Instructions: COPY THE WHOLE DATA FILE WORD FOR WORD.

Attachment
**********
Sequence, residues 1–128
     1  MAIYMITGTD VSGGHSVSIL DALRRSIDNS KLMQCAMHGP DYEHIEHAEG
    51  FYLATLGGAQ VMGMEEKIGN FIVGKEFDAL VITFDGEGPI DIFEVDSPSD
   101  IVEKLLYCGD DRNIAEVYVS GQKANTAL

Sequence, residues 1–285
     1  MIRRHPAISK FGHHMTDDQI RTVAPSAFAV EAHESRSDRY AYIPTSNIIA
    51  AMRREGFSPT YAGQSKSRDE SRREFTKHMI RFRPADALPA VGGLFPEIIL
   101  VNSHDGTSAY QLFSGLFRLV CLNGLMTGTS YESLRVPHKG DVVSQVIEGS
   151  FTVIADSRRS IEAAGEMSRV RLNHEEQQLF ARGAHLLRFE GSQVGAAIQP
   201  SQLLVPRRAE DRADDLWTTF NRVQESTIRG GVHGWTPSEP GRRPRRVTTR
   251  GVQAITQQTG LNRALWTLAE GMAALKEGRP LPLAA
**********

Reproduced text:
Sequence, residues 1–128
     1  MAIYMITGTD VSGGHSVSIL DALRRSIDNS KLMQCAMHGP DYEHIEHAEG
    51  FYLATLGGAQ VMGMEEKIGN FIVGKEFDAL VITFDGEGPI DIFEVDSPSD
   101  IVEKLLYCGD DRNIAEVYVS GQKANTAL

Sequence, residues 1–285
     1  MIRRHPAISK FGHHMTDDQI RTVAPSAFAV EAHESRSDRY AYIPTSNIIA
    51  AMRREGFSPT YAGQSKSRDE SRREFTKHMI RFRPADALPA VGGLFPEIIL
   101  VNSHDGTSAY QLFSGLFRLV CLNGLMTGTS YESLRVPHKG DVVSQVIEGS
   151  FTVIADSRRS IEAAGEMSRV RLNHEEQQLF ARGAHLLRFE GSQVGAAIQP
   201  SQLLVPRRAE DRADDLWTTF NRVQESTIRG GVHGWTPSEP GRRPRRVTTR
   251  GVQAITQQTG LNRALWTLAE GMAALKEGRP LPLAA